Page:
Full Disclosure I was provided a NetGalley copy of this book, however, have voluntarily chosen to write a review. All opinions are my own.
Velvet Was the Night is scheduled for an August 17, 2021 release.
When dreams and reality collide
Maite Jaramillo is a mousy woman living vicariously through the heroines in her romance periodicals. A bit of a “Walter Mitty” type, she has been known to spin tales of romance and intrigue to the other women in her secretary pool at work. When Maite finds herself approached by her neighbor Leonora to watch her cat for the weekend, she sees this as an opportunity to peek into the life of the beautiful and mysterious art student. But when the days, turn into weeks Maite joins with Leonora’s colleagues to find her before it’s too late. For the woman that once only dreamed of a life of action and mystery, she now finds herself deeply involved with radicals, dodging hitmen and Russians in a race to find Leonora before the bad guys do.
Set in the summer of 1971, Mexico City is undergoing a time of unrest; where radical students stage protests and government-funded teams of strong-armed thugs seek to quash their spirit in addition to any media presence. Elvis is one of those thugs. As part of El Mago’s “Hawks” Elvis and his counterparts are tasked to locate and retrieve a potentially volatile series of photos from the young art student Leonora. But with the team engaging in a series of stakeouts that all bring them back to following the nondescript secretary, Elvis cannot help but wonder how this person fits into the big picture or why he feels so drawn to her.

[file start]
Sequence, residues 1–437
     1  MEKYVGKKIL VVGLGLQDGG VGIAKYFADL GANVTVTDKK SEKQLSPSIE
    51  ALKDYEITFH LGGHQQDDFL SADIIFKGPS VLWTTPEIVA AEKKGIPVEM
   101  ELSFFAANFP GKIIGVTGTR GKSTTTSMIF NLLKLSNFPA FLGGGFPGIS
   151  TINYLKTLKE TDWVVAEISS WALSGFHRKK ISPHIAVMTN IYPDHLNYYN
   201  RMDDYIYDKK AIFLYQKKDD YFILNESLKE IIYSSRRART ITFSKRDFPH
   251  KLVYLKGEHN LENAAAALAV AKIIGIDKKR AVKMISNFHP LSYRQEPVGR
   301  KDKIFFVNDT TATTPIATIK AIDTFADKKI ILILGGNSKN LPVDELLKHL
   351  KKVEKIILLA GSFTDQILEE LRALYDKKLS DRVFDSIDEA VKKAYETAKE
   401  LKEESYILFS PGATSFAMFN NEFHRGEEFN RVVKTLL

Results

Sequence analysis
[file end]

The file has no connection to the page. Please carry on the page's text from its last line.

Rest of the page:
“Velvet Was the Night” is the first book I have read by author Silvia Moreno-Garcia. Being a fan of the noir genre, I figured I would give it a try, however, not being familiar with her style of writing, it took me quite a long time to really start to get interested and invested in the characters. That is not to say that this was a bad story at all, but rather a ‘slow burn’ of a narrative that I started reading in the car line after school while waiting to pick up my daughter and finished by sitting up into the late hours of the evening to see what would happen next.
Maite’s character, on the surface, seemed shallow but as the story progresses she realizes that she is a better person than the box her overbearing mother has placed her into. Elvis, on the other hand, while technically one of the “bad guys” was still probably one of my favorite characters. It was interesting to watch his transformation from a “star-struck” street thug learning a new word daily in an effort to rise to the level of his mentor El Mago, to a person who has faced some hard shocking truths but has come out the other end stronger for it. How these two ever were even in the same orbit so to speak is an entirely different story which Moreno-Garcia has done well to weave. If you are a fan of crime fiction, historical fiction, noir, or gritty action novels I would recommend Velvet Was the Night.